Figure 3
Figure 3. Representative oxygen gradient ektacytometry curve and diffraction patterns. (A) Upon deoxygenation under conditions similar to the oxygen gradient ektacytometry, sickle RBCs were fixed. In control sickle RBCs, the same conditions were used, but without nitrogen gas. Deoxygenated sickle RBCs show a change in shape in contrast to control RBCs. (B) Upon deoxygenation and shear stress (30 Pa), the diffraction pattern changes from an ellipse to a rhomboid. (C) Representative curve of oxygen gradient ektacytometry. The maximum elongation index (EImax) represents the baseline position and shows an overall deformability of the total RBC population. Minimum EI (EImin) represents minimal deformability, which is caused by the change in shape and orientation of RBCs upon deoxygenation. ΔEI (dEI, the difference in EI between EImax and EImin) shows how many cells can sickle during one round of deoxygenation. Point of sickling (PoS, pO2 at 5% EI decrease) shows the oxygen tension when the first RBCs start to sickle. The area under the curve (from pO2min = 100 mmHg) is calculated in the parameter area. This summarizes EImax, EImin, and PoS. The capacity of sickled cells to unsickle during reoxygenation is represented in the parameter Recovery (percentage of EImax reached during reoxygenation). To aid in the interpretation, all data points were connected in every individual experiment by a line to graphically present the results. This figure has been modified  from Rab et al.22 Please click here to view a larger version of this figure.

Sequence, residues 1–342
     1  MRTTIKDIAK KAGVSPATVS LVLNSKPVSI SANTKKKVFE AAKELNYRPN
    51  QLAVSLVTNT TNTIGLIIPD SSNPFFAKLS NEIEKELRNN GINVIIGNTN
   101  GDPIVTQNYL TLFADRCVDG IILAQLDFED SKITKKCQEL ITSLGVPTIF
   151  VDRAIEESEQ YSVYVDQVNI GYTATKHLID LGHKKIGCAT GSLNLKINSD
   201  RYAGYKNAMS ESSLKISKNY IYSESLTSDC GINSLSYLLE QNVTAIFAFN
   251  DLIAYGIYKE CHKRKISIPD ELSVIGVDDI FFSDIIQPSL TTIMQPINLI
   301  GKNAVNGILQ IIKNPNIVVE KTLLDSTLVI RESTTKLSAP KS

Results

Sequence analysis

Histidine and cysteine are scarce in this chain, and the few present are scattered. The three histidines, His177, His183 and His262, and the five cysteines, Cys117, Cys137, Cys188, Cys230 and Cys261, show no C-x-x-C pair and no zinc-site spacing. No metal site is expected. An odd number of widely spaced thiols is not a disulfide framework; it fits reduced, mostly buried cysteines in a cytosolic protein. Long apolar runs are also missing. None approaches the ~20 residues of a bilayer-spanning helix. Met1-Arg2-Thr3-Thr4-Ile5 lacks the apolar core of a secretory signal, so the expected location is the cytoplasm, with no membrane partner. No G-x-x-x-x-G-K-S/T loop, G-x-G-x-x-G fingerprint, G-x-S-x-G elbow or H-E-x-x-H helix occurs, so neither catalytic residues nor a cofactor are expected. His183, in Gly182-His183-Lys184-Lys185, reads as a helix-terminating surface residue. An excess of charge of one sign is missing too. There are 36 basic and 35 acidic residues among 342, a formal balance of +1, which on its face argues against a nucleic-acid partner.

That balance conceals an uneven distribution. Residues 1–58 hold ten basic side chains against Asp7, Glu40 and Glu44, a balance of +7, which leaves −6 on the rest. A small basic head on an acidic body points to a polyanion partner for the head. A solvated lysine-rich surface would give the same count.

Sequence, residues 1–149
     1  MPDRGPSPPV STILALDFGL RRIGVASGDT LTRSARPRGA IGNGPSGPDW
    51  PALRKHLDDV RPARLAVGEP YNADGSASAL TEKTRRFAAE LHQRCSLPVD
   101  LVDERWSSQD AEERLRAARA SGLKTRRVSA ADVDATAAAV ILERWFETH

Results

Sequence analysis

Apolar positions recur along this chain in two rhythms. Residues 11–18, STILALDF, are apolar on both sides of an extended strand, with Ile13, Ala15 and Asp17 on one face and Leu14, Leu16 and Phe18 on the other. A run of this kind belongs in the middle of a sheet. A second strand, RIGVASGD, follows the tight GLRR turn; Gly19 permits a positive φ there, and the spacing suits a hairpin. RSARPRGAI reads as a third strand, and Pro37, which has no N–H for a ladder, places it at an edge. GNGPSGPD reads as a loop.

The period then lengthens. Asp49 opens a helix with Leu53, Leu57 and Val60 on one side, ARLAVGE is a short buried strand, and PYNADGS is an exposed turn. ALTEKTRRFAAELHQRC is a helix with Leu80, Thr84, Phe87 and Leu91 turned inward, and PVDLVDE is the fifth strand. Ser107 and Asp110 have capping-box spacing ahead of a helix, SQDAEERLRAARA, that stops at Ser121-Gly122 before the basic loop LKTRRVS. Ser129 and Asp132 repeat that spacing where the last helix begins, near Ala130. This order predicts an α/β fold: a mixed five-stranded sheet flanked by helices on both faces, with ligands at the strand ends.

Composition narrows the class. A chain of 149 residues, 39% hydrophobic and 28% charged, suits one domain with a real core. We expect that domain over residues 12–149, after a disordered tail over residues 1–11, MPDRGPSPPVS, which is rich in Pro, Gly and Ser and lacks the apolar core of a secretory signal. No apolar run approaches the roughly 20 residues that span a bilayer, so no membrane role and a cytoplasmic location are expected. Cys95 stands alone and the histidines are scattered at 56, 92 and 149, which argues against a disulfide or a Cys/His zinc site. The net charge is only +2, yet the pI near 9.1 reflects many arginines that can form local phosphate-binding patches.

Figure 4
Figure 4. Oxygen gradient ektacytometry parameters correlate with genotype and treatment regimens of SCD patients with SCD. (A) Representative graph of RBCs of HbS carriers (HbS trait) and healthy controls in relation to untreated HbSS patients. (B) Representative graph of RBCs of patients with Hemoglobin SC Disease (HbSC) in relation to untreated HbSS patients. (C) Representative graph of RBCs of hydroxyurea treated homozygous SCD patients (HbSS HU) in relation to untreated HbSS patients. (D) Representative graph of RBCs of HbSS patients treated with blood transfusion (HbSS transfusion) in relation to untreated HbSS patients. This figure has been modified  from Rab et al.22 Please click here to view a larger version of this figure.

Figure 5
Figure 5. Oxygen gradient ektacytometry parameters are associated with %HbF, %HbS, %sickled cells at normoxia and %dense RBCs. (A) Linear correlation of minimum elongation index (EImin) and %HbF of 15 HbSS or HbS/β-thalassemia patients without transfusion. (B) Linear correlation of EImin and %HbS. (C) Linear correlation of PoS and %HbF. (D) Linear correlation of PoS and %HbS. (E) Linear correlation of maximum EI (EImax) and percent of sickled cells at normoxia measured with digital microscopy. (F) Linear correlation of EImax and percentage dense RBCs (%DRBCs) of 21 patients with HbSS. This figure has been modified  from Rab et al.22 Please click here to view a larger version of this figure.